Wednesday, December 4, 2013

Identification: Red-breasted and Common Mergansers in Flight

Adult Males in Breeding Plumage

Eric writes: Adult male Red-breasted and Common Mergansers have very distinct patterns thus they are quite easy to identify even at large distances.  At close range, Red-breasted Mergansers appear grayish overall with a dark head, white neck patch, and reddish breast.  Their wings have large white patches that include most of the secondaries and greater and lesser coverts.  Common Mergansers have similarly dark heads but have an overall white-bodied look as opposed to the gray-bodied look of Red-breasted.  Commons also have similar white wing patches but they are larger with more contrast then Red-breasted. Even at a distance these patterns are easily noticed.

Red Breasted Merganser in Flight
P2. Breeding plumaged male Red-breasted Merganser-Notice the overall gray-bodied look, dark green head, reddish breast and white wing patches.  

川秋沙 Common Merganser (雄成鳥)
P4. Breeding plumaged male Common Mergansers-notice the overall white-bodied look, distinct and contrasting dark head, and large white wing patches.  Commons also have whiter underwings which lead to a more white overall appearance.

Females and Non-breeding Males

I'll treat females and non-breeding males (including first year birds) the same, as the only major difference between the two is the amount of white in the wing.  The adult males have white median and lesser coverts while the females and first year birds only have white secondaries and greater coverts.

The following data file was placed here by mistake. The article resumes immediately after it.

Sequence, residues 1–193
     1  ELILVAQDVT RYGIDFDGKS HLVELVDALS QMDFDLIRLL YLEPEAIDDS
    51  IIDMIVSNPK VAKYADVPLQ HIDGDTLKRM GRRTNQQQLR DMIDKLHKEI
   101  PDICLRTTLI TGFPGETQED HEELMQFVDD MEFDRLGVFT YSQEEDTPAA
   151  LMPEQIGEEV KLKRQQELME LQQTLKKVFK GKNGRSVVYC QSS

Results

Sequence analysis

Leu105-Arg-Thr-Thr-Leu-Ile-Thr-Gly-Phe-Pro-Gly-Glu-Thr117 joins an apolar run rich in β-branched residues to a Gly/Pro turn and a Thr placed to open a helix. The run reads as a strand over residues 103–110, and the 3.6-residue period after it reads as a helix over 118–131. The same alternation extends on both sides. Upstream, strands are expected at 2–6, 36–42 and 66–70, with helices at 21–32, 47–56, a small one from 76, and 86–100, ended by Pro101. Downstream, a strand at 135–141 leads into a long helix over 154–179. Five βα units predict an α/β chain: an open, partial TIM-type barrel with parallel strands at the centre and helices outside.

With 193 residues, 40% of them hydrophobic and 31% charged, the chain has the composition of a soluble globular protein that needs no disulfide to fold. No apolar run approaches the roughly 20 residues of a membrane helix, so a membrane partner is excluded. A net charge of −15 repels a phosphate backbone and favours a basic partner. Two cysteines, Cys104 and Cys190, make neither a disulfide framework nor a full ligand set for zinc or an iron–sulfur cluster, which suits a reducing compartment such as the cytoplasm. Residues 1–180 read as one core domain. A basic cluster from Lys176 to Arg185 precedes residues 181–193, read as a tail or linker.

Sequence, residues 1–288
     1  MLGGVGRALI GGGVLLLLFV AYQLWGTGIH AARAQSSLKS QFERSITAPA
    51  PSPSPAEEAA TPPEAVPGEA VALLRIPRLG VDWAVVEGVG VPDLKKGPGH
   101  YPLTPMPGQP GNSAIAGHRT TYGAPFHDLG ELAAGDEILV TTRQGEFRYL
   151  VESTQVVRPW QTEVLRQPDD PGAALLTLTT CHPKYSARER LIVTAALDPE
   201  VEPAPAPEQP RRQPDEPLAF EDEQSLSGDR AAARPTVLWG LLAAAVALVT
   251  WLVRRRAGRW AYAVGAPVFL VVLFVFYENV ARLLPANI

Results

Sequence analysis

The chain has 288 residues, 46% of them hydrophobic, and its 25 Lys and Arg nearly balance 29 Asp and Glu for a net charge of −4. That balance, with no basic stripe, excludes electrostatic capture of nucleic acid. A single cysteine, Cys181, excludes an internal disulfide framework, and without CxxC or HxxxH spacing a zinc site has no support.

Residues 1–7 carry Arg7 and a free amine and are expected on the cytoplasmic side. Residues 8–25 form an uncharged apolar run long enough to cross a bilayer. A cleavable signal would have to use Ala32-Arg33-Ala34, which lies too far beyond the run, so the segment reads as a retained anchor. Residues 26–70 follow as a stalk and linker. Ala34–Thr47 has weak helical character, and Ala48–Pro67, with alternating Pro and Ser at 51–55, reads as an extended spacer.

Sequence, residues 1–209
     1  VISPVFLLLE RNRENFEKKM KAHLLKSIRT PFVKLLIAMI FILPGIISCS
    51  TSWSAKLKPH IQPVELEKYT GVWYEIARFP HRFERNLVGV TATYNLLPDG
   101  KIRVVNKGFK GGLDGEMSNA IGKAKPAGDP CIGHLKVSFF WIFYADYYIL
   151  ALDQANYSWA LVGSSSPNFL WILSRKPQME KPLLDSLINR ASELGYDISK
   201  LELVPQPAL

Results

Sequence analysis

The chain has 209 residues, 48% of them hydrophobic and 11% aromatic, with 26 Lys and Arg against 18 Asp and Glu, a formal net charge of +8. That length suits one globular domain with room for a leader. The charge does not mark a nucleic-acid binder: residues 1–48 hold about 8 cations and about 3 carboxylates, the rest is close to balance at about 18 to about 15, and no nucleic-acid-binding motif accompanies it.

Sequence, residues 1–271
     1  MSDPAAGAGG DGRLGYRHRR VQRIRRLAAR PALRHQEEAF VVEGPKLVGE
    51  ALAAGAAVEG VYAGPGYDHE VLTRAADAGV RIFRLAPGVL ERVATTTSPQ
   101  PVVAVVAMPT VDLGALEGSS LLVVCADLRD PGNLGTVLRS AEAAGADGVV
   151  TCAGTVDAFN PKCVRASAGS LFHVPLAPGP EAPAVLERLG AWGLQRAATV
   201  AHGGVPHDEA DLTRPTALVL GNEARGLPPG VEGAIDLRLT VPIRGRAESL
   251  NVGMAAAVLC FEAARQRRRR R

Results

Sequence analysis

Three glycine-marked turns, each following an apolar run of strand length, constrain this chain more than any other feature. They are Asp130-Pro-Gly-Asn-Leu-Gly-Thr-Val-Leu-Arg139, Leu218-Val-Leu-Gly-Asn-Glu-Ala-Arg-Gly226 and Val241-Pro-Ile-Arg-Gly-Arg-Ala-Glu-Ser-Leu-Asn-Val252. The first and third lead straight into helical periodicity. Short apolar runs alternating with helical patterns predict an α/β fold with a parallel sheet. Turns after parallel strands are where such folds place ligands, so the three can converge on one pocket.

From a distance, it is important to pay attention to overall patterns as well as shape.  Red-breasted Mergansers appear mostly gray with a brownish head and white wing patches (amount of white in wing patches dependent on sex).  Commons have a much colder appearance; overall they are white and pale gray with very similar white wing patches to Red-breasted.

Red-breasted Merganser (Mergus serrator) in flight
P1. Nonbreeding plumaged male Red-breasted Mergansers.  Notice the overall grayish-brown appearance, low contrast between head and neck, and slightly upturned bills (doesn't always appear this way).
P6. Female Common Mergansers.  Notice the overall cold gray/white appearance, high contrast between the head and neck, thick/straight neck, and the straight appearance to the bill.
It takes some practice to identify these two species by shape but it can be done with some practice.  If the birds are close it is easy to see the differences in bill shape.  Red-breasted Mergansers have thin-based bills while Common Mergansers have thick-based bills.  This is tough to see at a distance but gives the impression that Red-breasted bills are curved slightly upwards while the Common has a straight-billed appearance.  The difference in the thickness of the neck of these two species is apparent at a distance.  Common Mergansers have thick, straight necks, while Red-breasted have thin, spindly necks.

Red-breasted Mergansers f.
P3. Female Red-breasted Mergansers-even at this angle the thin, spindly-necked appearance is noticeable.

Common Merganser
P5. Female Common Merganser-notice the thick, straight necked appearance

P1-Photographer's Photostream on Flickr
P2-Photographer's Photostream on Flickr
P3-Photographer's Photostream on Flickr
P4-Photographer's Photostream on Flickr
P5-Photographer's Photostream on Flickr
P6-Photographer's Photostream on Flickr

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